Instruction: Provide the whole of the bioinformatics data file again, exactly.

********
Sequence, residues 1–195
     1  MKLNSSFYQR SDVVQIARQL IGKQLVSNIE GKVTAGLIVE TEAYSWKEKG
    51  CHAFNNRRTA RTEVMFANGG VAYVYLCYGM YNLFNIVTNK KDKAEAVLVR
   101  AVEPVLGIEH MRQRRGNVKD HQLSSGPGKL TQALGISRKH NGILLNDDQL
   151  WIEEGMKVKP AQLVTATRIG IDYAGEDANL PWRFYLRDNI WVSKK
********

Sequence, residues 1–195
     1  MKLNSSFYQR SDVVQIARQL IGKQLVSNIE GKVTAGLIVE TEAYSWKEKG
    51  CHAFNNRRTA RTEVMFANGG VAYVYLCYGM YNLFNIVTNK KDKAEAVLVR
   101  AVEPVLGIEH MRQRRGNVKD HQLSSGPGKL TQALGISRKH NGILLNDDQL
   151  WIEEGMKVKP AQLVTATRIG IDYAGEDANL PWRFYLRDNI WVSKK